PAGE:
Six-year term ends June 2022.
For more than 60 years, the National Institutes of Health (NIH) has supported research that has bettered the lives of millions of people in the U.S. and across the globe. Burn victims recover with the help of artificial skin. Blood-thinning drugs prevent strokes and save lives. Ninety percent of children survive the most common form of childhood leukemia.
Today, the NIH has tapped Dr. Sora Tanjasiri to help identify studies that will narrow the healthcare gap for communities with inadequate medical services.
The Health Science professor and department chair was appointed to the NIH’s Health Disparities and Equity Promotion Study Section of the Center for Scientific Review. In this role, Tanjasiri will help advance medical breakthroughs for underserved populations by evaluating the scientific and technical quality of grant proposals submitted to the NIH. Her six-year term begins this month and will continue through June 2022.
“I am looking forward to helping identify the most significant and innovative proposals; ones that can make important contributions to our understanding of health disparities and achieving health equity,” said Tanjasiri. “It is both an honor to serve and give back to NIH.”
The NIH is the largest public funder of medical research in the world, investing more than $30 billion annually in studies aimed at helping people live longer and healthier lives. Research studies fueled by NIH grants have led to new ways to diagnose and treat cancer, HIV, depression and countless other illnesses. Future medical advancements depend in large part on the thorough and unbiased evaluation of grant proposals reviewed by scientist like Tanjasiri.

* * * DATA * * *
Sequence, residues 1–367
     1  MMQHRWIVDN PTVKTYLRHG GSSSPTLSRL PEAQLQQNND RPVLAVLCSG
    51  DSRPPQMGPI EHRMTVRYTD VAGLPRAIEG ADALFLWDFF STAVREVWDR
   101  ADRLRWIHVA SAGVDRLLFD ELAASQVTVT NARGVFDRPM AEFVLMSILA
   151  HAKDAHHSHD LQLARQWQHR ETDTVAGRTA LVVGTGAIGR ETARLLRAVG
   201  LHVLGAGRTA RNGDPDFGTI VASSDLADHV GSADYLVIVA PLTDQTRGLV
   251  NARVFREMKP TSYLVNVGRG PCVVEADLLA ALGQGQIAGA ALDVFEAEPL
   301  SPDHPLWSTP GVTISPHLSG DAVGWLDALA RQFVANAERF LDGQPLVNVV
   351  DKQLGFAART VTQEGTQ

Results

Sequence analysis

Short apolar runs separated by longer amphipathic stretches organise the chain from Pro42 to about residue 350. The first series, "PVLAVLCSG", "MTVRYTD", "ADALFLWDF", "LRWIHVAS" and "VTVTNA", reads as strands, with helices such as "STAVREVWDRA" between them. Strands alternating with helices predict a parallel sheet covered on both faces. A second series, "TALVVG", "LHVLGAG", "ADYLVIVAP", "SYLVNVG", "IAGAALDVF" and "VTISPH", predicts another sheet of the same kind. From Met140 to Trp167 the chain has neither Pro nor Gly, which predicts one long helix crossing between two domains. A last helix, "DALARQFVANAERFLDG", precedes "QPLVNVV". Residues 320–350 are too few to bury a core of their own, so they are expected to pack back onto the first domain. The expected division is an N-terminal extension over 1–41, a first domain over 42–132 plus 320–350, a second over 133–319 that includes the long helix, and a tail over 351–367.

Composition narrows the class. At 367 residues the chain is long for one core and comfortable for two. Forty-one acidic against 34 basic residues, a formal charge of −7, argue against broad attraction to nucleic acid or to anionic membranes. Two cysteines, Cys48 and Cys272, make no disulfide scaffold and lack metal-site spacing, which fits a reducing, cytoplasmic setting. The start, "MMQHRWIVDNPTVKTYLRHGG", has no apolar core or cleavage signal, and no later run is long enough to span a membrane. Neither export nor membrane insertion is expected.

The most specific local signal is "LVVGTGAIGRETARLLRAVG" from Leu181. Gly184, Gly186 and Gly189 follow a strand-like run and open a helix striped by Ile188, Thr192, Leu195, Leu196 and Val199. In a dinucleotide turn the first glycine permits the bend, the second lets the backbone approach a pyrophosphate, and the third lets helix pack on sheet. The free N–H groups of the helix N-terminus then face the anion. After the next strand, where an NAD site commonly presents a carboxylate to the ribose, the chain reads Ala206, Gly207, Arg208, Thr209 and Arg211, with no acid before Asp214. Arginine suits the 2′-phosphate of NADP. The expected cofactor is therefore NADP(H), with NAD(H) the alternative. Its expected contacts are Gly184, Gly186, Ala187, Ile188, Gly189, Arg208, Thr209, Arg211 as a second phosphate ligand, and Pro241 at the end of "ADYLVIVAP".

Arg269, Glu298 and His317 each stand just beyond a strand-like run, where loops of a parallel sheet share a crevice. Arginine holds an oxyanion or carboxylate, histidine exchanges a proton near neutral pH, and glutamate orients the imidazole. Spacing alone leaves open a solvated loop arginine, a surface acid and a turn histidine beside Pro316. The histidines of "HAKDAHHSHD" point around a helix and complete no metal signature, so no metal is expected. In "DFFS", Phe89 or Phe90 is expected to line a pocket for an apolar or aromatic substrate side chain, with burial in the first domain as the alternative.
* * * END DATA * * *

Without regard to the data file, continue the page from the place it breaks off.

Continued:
NIH grant applications must pass a rigorous, two-level peer-review process before funds are awarded. The initial peer review is conducted by a group of scientist—some hailing from international institutions—who specialize in the grant applicant’s discipline. First-level reviewers prepare written critiques before attending private meetings where the project’s significance, the applicant’s expertise, and other criteria are carefully rated. Applications with the highest overall score in the NIH’s nine-point scale advance to the next peer review level. Grant applications that pass both rounds are then presented to the NIH for a final funding decision.
Tanjasiri will join the Health Disparities and Equity Promotion peer review group, which evaluates applications for research projects designed to help reduce health disparities among low income, LGBT, immigrant, and other marginalized communities. Tanjasiri and colleagues from the University of Pennsylvania, Cornell, Yale, Columbia, and other distinguished institutions will review hundreds of applications per year and provide an in-depth analysis of up to 40 proposals.
As with all NIH peer reviewers, Tanjasiri was appointed to her post for her technical expertise and scientific achievements. Since joining the College of Health and Human Development in 2003, Tanjasiri has focused on the health needs of diverse populations and garnered more than $15 million in grants to fund research focused on reducing cancer health disparities in underrepresented communities. Her research has been widely published in peer-reviewed journals and she has presented at conferences nationwide. Tanjasiri directs Cal State Fullerton’s Health Promotion and Research Institute and co-leads the $1.8 million Health Careers Opportunity Program.